Japanese designer Norihiko Terayama suspends simple floral arrangements in polygonal forms, contrasting the organic material with straight, meticulous lines. With the simple addition of pins and thread his series Crust of the Polygon reframes the dried plants as poetic sculptures. Another one of his series, Polygon of Tree Branch, features full branches encased in a similar geometric style.
Terayama studied at Design Academy Eindhoven where he trained under designer Richard Hutten and was immersed in Dutch conceptual design. His company Studio Note designs home and lifestyle products which often incorporate natural elements. You can see more projects by the Japanese designer on his website.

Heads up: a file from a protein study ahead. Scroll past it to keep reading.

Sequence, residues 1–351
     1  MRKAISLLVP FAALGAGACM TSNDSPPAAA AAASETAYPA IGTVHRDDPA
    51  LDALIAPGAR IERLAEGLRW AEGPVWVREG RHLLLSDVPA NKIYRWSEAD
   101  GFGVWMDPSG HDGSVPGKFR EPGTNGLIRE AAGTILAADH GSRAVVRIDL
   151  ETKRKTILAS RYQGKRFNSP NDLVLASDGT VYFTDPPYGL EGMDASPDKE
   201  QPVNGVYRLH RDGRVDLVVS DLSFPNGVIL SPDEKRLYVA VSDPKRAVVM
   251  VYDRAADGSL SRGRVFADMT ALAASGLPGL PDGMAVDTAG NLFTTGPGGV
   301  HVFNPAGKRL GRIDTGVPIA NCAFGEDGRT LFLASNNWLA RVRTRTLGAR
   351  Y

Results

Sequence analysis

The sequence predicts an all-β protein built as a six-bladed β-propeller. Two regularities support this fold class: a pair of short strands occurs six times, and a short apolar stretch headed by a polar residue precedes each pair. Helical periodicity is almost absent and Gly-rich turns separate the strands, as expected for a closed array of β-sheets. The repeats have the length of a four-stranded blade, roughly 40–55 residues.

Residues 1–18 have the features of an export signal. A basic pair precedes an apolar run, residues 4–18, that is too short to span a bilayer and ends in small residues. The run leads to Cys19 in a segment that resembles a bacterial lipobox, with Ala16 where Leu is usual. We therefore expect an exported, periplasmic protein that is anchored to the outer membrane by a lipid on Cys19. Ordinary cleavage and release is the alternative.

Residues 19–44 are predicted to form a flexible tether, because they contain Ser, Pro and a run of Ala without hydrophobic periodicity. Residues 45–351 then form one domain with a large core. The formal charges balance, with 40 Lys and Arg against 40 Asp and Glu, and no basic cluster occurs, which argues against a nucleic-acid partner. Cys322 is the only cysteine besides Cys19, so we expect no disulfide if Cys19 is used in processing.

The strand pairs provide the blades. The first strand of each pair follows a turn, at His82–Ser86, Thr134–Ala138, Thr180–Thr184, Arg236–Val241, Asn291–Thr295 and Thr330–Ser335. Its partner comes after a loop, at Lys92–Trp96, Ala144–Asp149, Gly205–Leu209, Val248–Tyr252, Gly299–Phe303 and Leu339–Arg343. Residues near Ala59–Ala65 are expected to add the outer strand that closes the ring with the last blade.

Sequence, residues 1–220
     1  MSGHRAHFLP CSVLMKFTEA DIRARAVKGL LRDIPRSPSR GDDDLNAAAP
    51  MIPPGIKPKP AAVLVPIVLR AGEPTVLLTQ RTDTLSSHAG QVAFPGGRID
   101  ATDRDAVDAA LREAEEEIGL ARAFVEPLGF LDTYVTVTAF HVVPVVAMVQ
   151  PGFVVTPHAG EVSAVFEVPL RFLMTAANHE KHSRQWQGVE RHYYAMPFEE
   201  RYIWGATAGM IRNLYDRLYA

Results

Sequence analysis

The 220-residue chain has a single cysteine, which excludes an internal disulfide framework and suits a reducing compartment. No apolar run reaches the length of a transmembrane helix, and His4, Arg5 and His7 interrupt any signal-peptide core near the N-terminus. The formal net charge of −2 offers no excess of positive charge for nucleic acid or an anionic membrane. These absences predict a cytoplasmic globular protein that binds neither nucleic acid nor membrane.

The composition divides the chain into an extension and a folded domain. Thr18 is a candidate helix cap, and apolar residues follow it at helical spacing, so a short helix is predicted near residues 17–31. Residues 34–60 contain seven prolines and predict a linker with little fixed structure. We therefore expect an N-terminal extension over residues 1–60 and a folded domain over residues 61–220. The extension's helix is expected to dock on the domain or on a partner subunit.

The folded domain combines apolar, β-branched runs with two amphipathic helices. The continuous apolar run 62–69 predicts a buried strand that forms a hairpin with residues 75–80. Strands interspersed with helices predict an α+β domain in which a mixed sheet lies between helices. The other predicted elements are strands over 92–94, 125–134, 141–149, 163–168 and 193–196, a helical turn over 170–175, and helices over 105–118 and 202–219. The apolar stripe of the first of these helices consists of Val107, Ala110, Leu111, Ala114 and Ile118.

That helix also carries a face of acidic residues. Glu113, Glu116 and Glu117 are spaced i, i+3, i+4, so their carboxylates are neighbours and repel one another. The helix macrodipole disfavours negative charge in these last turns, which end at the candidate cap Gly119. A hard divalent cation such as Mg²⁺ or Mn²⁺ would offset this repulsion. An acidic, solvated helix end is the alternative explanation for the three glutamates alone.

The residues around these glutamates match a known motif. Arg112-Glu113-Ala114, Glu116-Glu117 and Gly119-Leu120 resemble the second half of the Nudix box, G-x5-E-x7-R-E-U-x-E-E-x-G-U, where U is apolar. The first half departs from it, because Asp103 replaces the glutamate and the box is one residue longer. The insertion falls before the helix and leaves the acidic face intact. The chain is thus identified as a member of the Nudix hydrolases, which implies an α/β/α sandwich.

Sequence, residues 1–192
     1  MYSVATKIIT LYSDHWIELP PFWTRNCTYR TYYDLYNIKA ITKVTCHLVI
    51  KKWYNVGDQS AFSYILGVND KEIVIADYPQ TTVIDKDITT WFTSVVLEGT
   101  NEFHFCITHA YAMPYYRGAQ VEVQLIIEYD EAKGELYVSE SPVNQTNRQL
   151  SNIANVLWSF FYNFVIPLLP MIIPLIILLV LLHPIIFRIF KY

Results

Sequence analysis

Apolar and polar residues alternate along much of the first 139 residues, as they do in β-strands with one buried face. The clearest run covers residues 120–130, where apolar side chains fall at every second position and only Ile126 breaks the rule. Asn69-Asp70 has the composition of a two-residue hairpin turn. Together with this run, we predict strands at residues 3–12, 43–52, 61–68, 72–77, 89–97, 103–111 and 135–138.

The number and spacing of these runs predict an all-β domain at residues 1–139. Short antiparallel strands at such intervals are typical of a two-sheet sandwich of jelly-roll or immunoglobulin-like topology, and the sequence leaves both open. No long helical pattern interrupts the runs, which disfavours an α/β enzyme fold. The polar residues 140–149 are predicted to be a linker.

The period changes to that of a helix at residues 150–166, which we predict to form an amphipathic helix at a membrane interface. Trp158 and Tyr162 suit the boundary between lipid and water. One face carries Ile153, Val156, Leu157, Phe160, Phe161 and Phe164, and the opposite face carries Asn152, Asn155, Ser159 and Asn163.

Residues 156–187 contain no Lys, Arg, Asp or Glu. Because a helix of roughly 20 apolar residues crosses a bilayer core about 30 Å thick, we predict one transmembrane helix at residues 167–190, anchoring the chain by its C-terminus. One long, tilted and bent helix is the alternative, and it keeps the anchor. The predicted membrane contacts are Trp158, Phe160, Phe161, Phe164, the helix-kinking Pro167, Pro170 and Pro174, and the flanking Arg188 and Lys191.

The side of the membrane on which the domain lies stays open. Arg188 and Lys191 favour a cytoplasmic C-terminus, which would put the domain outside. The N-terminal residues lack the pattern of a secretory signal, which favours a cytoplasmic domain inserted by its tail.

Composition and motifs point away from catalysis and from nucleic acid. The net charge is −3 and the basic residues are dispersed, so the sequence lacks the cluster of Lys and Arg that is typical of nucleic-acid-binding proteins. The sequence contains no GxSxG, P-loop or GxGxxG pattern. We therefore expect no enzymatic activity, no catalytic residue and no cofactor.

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Artist and designer Azuma Makoto (previously here and here) was born in 1976 and runs a haute couture flower shop called JARDINS des FLEURS in Moto-Azabu, Tokyo. His work with plants and flowers also extends into personal artistic practice and client work where he creates a wide variety of sculptures, installations and objects using tress, leaves, moss, and other plants both organic and artificial. One of his most recent exhibitions, Collapsible Leaves at Eye of Gyre Gallery involved a remarkable collection of suspended and mounted sculptures made of tightly folded and layered leaves. The pieces are unique in that I imagine they must have required rapid assembly a single leaf at a time, and yet look as if they are naturally occurring objects. If you’re just learning about Makoto’s work for the first time, be sure to also check out his suspended trees and other private works.
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